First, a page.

Electroencephalographic measures of regional hemispheric activity in offspring at risk for depressive disorders

Department of Psychiatry, College of Physicians and Surgeons of Columbia University, New York State Psychiatric Institute, New York, New York, USA.
Biological Psychiatry (Impact Factor: 10.26). 03/2005; 57(4):328-35. DOI: 10.1016/j.biopsych.2004.11.015
Source: PubMed


Electroencephalographic (EEG) studies have found abnormal regional hemispheric asymmetries in depressive disorders, which have been hypothesized to be vulnerability markers for depression. In a longitudinal high-risk study, resting EEG was measured in primarily adult offspring of depressed or nondepressed probands.
Electroencephalograms from12 homologous sites over each hemisphere (digitally linked-ears reference) were analyzed in right-handed offspring for whom both parents (n = 18), one parent (n = 40), or neither parent (n = 29) had a major depressive disorder (MDD).
Offspring with both parents having MDD showed greater alpha asymmetry at medial sites, with relatively less activity (more alpha) over right central and parietal regions, compared with offspring having one or no parent with MDD. Relatively less left frontal activity at lateral sites was associated with lifetime MDD in offspring but not with parental MDD. Offspring with both parents having a MDD also showed markedly greater anterior-to- posterior increase in alpha with eyes closed compared with those with one or no parent with a MDD.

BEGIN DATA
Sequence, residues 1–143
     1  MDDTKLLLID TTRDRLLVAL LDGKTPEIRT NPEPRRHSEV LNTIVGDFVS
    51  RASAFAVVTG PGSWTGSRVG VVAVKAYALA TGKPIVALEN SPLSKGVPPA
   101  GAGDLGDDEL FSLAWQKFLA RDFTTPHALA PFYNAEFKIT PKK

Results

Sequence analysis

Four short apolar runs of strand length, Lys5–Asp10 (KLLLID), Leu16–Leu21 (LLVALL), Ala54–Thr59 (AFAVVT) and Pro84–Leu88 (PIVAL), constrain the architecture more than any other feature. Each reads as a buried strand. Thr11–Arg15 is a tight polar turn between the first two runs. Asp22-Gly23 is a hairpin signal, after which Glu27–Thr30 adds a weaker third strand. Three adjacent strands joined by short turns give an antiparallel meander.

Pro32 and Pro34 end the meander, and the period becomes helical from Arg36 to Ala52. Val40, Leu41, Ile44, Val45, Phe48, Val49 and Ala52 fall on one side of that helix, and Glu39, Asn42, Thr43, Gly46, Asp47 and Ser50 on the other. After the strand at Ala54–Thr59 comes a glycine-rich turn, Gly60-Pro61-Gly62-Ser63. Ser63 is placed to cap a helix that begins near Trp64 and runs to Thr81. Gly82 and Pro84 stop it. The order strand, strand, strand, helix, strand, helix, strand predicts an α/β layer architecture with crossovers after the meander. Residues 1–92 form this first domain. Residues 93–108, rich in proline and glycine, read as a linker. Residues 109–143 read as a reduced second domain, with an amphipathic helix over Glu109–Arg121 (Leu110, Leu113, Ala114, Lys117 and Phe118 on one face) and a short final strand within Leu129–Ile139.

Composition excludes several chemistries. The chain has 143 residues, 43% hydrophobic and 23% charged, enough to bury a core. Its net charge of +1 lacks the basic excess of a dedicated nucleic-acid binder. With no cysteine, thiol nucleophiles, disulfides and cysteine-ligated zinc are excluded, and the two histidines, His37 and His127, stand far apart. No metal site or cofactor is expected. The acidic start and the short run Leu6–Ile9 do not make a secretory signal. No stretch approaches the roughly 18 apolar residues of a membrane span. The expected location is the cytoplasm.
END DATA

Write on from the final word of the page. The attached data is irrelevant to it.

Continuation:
Alpha asymmetry indicative of right parietotemporal hypoactivity, previously reported for depressed adolescents and adults, and heightened anterior-to-posterior gradient of alpha are present in high-risk offspring having parents concordant for MDD.

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    • "The difference in parietal asymmetry between high-and low-risk groups did not depend on having a lifetime diagnosis of major depression or anxiety disorder, and prior findings also suggest that this alpha asymmetry is not state-dependent , but may represent a trait marker of vulnerability for depression. Relatively less right parietal activity was found in members of both second and third generations who did not have a depressive disorder but were at high risk [Bruder et al., 2005, 2007]. It was also present in remitted depressed adults who were euthymic during EEG testing [Henriques and Davidson, 1990]. "
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